Jeffro's Space Gaming Blog

Microgames, Monster Games, and Role Playing Games

Carnelian Cube Link Roundup

Ah, this book!

With that cover alone, it rocketed to the top of the stack I can tell you. My son actually grabbed it before I could and read it in a single weekend. (And for reference, he’s read Conan and Lovecraft and Amber, but I could not make him read Asimov’s Foundation!) I thought for sure I was in for a treat.

What I got was something unlike anything I could conceivably anticipated. Now I love that– that “I can’t believe I’m reading this” feeling. It just provokes so many questions. James Maliszewski graciously passes over them (which I think is wise), but maybe he’s so steeped in older works that he didn’t notice anything. The guys, though… they are completely infuriated by this one. I mean Mordicai Knode couldn’t even finish it before doing his piece on it. (And by the way, when I talk about being inspired to do a “serious” Appendix N survey– which I’ve come under fire for daring to say– that is what I mean by an unserious survey. I do read to the end before making an assessment.)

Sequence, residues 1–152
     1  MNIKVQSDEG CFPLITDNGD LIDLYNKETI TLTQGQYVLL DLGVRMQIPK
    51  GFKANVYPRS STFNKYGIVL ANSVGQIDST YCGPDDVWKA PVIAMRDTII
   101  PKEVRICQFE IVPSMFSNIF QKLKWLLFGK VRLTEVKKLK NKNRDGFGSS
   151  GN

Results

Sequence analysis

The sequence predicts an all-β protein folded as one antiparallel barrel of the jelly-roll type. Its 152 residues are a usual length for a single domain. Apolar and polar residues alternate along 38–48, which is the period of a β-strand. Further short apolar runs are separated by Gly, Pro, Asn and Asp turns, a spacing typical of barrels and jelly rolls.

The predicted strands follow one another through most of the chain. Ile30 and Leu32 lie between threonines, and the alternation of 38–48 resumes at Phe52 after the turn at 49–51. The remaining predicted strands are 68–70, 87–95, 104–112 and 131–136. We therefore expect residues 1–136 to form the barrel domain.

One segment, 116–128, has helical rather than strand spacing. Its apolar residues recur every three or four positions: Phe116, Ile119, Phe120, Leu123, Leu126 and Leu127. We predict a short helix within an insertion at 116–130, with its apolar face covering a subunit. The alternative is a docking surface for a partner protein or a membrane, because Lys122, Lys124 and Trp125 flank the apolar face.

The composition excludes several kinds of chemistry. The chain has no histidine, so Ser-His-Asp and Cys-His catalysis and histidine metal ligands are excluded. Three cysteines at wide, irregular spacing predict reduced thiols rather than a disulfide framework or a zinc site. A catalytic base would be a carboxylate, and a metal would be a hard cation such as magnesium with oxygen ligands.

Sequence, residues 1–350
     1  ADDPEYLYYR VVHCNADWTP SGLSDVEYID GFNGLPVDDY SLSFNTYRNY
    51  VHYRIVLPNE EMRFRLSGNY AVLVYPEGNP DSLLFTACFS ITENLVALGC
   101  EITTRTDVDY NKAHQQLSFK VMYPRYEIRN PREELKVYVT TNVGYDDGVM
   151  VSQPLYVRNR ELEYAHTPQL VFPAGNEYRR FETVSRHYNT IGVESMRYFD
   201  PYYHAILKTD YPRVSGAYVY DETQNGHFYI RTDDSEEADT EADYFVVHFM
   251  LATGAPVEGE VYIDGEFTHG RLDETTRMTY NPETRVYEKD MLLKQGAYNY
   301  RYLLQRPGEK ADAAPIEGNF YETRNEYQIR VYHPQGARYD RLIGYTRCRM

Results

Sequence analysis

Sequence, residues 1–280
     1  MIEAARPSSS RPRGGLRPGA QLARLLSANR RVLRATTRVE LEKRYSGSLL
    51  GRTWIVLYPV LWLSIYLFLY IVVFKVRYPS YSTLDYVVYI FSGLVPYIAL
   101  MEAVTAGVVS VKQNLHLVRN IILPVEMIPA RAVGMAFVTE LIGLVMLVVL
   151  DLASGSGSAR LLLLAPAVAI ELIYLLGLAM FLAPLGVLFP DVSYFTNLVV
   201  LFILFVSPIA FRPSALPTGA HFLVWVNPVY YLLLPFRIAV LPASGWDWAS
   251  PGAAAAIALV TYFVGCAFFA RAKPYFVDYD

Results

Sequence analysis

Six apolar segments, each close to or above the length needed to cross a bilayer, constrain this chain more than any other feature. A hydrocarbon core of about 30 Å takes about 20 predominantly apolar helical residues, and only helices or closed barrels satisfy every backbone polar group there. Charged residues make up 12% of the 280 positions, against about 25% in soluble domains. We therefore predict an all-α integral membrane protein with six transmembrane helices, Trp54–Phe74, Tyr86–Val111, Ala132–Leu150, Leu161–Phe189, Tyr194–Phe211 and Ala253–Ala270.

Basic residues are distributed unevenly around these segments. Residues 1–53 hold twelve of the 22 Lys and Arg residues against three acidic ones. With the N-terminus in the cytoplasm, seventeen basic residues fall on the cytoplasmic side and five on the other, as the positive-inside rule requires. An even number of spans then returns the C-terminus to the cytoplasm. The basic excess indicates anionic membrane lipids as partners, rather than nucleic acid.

Now… that gobsmacking, facepalming feeling this book engenders… I think it’s a good thing. That strange mix of frustration and disappointment? It’s not just due to the fact that everyone writing before 1980 was all inherently “problematic” as they say nowadays. It’s not just due to the fact that there is plenty of chaff mixed in with the wheat. A chunk of that is due to books like this flying in the face of how everything should work out in fantasy and science fiction. It’s challenging. It doesn’t fit with how you think stories should work. It doesn’t match up with how your brain has interpolated the history of the medium to be. It is as far from anything that you would ever think of doing as you can get. And that’s why it’s useful to read it.